Want to Shorten FMLA Leaves? Tap your EAP.

by Terry Cahill

Family Silhouette

While there is plenty of information available about the abuses of the Family Medical Leave Act (FMLA) and the remedies thereto, there is less discussion about how offering even further assistance can shorten the average length of FMLA cases.

Wait! Offer more assistance? When a person is already on FMLA?  Seems counterintuitive.  Unless you think about a resource that is a benefit of the vast majority of U.S. employers –  an Employee Assistance Program (EAP).

EAPs provide employees and their family members with counseling and resources for a myriad of issues – mental health, substance abuse, stress, grief, work life balance, financial, legal, child care, eldercare and more. And most employers have an EAP.  According to the American Psychiatric Association’s July 22, 2016 blog titled “Employee Assistance Programs: An Often Overlooked Resource”:

  • 97% of U.S. employers with more than 5,000 employees provide an EAP to their employees
  • 80% of U.S. employers with from 1,000 – 5,000 employees provide an EAP to their employees
  • 75% of U.S. employers with from 251 – 1,000 employees provide an EAP to those employees

In other words, most employers already have this resource at their fingertips.

So, can an EAP reduce the time an employee might need to be out on FMLA? Absolutely.  Here’s one typical example.  With life expectancies lengthening, many baby boomers have found themselves becoming caretakers for their parents.  According to Emanuella Grinberg, this is the “new normal” for 43.5 million Americans.  And according to a 2011 AARP Public Policy Institute study, the average caregiver is a 49-year-old woman who has a job outside the home and spends nearly 20 hours per week providing unpaid care to her mother.  Truly, this eldercare issue can pull employees away from work.  However, with an EAPs assistance, the employee can get emotional support and resources for the actual care which can mitigate the need for time off.

An EAP is best utilized in an early intervention role. Employers that promote their EAP well are more likely to have employees reach out to the EAP prior to an FMLA request to explore EAP resources and services which can include:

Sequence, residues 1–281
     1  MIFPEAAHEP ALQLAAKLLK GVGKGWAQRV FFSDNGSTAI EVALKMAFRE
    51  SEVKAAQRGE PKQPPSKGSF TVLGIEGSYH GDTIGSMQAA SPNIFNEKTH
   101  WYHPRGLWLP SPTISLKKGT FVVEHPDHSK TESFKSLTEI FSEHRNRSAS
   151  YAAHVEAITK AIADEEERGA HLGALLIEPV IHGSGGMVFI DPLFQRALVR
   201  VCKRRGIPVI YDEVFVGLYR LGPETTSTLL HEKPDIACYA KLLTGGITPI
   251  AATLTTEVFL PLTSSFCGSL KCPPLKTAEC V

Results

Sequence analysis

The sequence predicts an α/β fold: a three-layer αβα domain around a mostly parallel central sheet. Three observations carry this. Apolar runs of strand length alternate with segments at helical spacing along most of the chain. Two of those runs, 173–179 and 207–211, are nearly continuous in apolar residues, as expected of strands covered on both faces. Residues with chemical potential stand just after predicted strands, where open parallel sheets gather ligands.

• Counseling for adult siblings to determine what is the best course of action for an elderly parent. For instance, for a parent encountering some difficulty living alone, will some home safety and home health measures be enough or will it be necessary to consider moving the parent into assisted living or a nursing home.? Counseling for this issue can be an invaluable resource when siblings are not aligned about what to do next.
  • Once the proper support and care are determined for an elderly parent, the EAP can provide the adult child(ren) with both local vetted resources for the appropriate level of care and also coaching about how to approach elder care providers. This can entail how best to interview home health care workers or what criteria should be used in choosing an assisted living facility.

These counseling, resource identification and coaching services can save the employee hours of research time that is often spent absent from work or at work but occupied on non-work-related activities.  Of course, some employees might not think of their EAP ahead of time so why not provide every employee who requests FMLA with material reminding them of the resources available through EAP.  EAPs also provide consultation and referrals to experts about how to best protect a parent’s assets, as well as how to negotiate government programs like Medicare and social security.   Again, these are valuable resources that can point employees more quickly in the right direction as they assume these new and often unfamiliar caretaker roles.  Getting a little more assistance for these employees   can not only help shorten the time they need to be off on FMLA, but also strengthen the employee’s engagement with the employer.


Image by Tunaolger / Pixabay

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